Algerian intellectuals defy extremists, rally for anti-takfir law

Sunday 25/06/2017
Resurgence. A file picture shows Algerian Islamists clashing with security forces during a protest in the capital Algiers. (AFP)

Tunis- Algerian writers and intel­lectuals showed support for a proposed law that would ban takfir — the Muslim practice of ex­communication — to protect free inquiry and civil discourse.
The campaign comes after writer Rachid Boudjedra was strong-armed into disavowing his secular views on a television programme broadcast by Algeria’s Islamist-leaning An-Na­har channel.
Boudjedra, a professed athe­ist, was forced to declare himself a “Muslim” and repudiate his com­munist views after being interrogat­ed by journalists masquerading as policemen. The incident was filmed with hidden cameras.
“They were two horrible hours for me,” Boudjedra said. “I got a tremendous fright. I thought these guys could be terrorists ordered to assassinate me… I prepared myself to die.”
Boudjedra was filmed telling his captors “I’m a Muslim” before be­ing forced to repeat the shahada, an Islamic creed said to declare one’s faith in God.
The scene shocked many Algeri­ans, including Algerian President Abdelaziz Bouteflika’s brother, Said Bouteflika, who is widely seen as the power behind the ailing Algerian leader. Said Bouteflika joined pro­testers denouncing Islamist bigotry and expressed his support for Boud­jedra.
Boudjedra, who has been de­scribed as a “progressive, anti-Is­lamist writer and intellectual,” has a controversial reputation. Dur­ing the Islamist insurgency in the 1990s, when Islamists carried out a “swords against pens” campaign, killing dozens of singers, writers, journalists and other intellectuals, Boudjedra did what few secular in­tellectuals dared: He stayed in Al­giers and walked the streets with an assault rifle under his coat.
The author of “The Repudiation,” Boudjedra joined Algeria’s war of in­dependence in 1959 when he was 17. He is one of the few Algerian intel­lectuals to declare himself an athe­ist.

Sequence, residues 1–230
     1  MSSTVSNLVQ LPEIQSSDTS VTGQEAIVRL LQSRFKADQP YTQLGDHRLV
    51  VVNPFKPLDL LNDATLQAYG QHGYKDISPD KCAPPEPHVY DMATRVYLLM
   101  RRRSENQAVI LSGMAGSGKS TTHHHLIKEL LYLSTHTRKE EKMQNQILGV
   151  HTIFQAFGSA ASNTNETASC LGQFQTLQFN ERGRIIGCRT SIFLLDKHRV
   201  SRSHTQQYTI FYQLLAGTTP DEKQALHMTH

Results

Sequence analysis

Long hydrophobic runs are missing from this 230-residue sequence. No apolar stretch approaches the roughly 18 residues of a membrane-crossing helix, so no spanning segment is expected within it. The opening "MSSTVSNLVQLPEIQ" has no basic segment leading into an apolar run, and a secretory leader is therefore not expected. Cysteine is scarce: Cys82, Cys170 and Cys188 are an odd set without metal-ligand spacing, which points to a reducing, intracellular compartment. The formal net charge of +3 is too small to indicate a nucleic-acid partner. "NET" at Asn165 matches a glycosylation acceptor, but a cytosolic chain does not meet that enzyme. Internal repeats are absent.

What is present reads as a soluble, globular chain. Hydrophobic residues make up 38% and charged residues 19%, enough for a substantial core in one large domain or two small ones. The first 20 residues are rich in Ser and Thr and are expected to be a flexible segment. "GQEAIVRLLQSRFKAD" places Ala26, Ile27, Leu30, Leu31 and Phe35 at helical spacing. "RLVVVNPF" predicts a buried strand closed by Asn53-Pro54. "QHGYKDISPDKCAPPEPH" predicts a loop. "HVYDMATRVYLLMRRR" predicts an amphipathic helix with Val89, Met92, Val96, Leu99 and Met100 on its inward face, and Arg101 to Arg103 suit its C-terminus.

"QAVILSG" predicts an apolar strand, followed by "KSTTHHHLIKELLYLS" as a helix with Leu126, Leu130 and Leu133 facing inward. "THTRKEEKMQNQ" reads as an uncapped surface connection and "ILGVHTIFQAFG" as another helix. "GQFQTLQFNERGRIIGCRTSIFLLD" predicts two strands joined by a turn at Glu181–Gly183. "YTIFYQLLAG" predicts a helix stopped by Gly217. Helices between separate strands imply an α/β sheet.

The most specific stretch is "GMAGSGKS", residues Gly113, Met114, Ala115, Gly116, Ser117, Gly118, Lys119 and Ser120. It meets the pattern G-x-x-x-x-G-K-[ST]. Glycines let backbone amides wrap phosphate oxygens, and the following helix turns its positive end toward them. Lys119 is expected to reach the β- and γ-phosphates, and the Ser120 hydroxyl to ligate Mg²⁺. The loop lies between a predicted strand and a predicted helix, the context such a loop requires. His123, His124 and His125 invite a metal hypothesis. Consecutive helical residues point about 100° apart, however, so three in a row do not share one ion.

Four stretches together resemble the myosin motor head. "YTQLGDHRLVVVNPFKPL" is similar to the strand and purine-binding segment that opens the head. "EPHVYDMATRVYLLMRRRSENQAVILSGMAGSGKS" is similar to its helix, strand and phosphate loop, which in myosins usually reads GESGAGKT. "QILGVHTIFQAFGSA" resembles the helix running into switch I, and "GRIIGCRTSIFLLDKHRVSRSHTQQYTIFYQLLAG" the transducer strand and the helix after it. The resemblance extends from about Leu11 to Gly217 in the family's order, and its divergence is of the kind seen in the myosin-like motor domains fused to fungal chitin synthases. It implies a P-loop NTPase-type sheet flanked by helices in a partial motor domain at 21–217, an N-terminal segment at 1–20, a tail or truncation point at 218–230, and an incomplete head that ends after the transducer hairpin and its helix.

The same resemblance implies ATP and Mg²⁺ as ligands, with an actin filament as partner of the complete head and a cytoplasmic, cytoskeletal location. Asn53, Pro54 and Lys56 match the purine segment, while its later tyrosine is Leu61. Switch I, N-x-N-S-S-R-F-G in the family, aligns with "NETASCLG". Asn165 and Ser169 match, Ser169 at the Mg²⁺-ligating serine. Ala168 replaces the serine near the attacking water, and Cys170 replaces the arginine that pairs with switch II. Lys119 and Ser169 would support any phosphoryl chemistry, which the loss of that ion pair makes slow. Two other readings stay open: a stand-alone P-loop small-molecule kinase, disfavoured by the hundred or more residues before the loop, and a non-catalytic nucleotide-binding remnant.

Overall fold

“I’m not Muslim. I do not believe in Mohammad as the prophet,” he told a local television interviewer in 2015.
Boudjedra, who is from a wealthy conservative family, is also a com­munist. He has written several books and is the author of numerous theatre and film scripts, including “Chronique des Années de Braise” (“Chronicle of the Years of Fire”).
For many intellectuals, the tel­evised episode featuring Boudjedra showed how far Islamists had gone in setting the norms of society.
“I fear more censorship from the people (than the government),” said theatre producer Slimane Benaissa. “People are harsher in their sanc­tions than the government. The gov­ernment assails us for political is­sues and for being in the side of the opposition. We can deflect that by varying writing and creation styles.”
“What we go through now is normal because we intellectuals plunged into dormancy and with­drew into silence and indifference,” said Boudjedra. “We got tired. We had fought and struggled but we asked for what result?
Others are desperate for an answer to why Algeria defeated Islamists on the battlefield decades ago only to find them a dominant force in so­ciety years later. Algeria’s military overcame a 15-year struggle against Islamist extremists in the 1990s and 2000s that claimed the lives of an estimated 200,000 people.
“There was a military victory against terrorism but the cultural front has not been freed,” said Alge­rian poet Achour Fenni. “Terrorist discourse dominates the media and the public space. We have come into a new stage of terrorism. Only intel­lectuals can fight this kind of war.”
H’mida Ayachi, who has written books about extremist Islam, said the country has experienced “a re­surgence of political Islam disguised as social conservatism.”
“It is the conservatism that has taken over the country’s politics and is occupying the public space,” Ayachi said.
Algerian novelist Amin Zaoui said: “The street, the enterprise, the uni­versity, the school, the media, the language and the dress code are almost totally Islamised,” he said “This is a menace against any pro­ject that puts society on a path of development, modernity diversity, dream and optimism.”
“When I say ‘Islamised society,’ I mean that most ideas and values embraced by people living in the midst of this society have embraced the Islamic State’s ideology,” Zaoui added.
While the proposed anti-takfir law is a step in combating Islamisation, leftist intellectuals were careful to point out that more needs to be done to fight intolerance.

“A law banning takfir would be useful only when it is perceived as part of a deep critique of the whole system of belief that justifies takfir,” said writer Youcef Benzatat.

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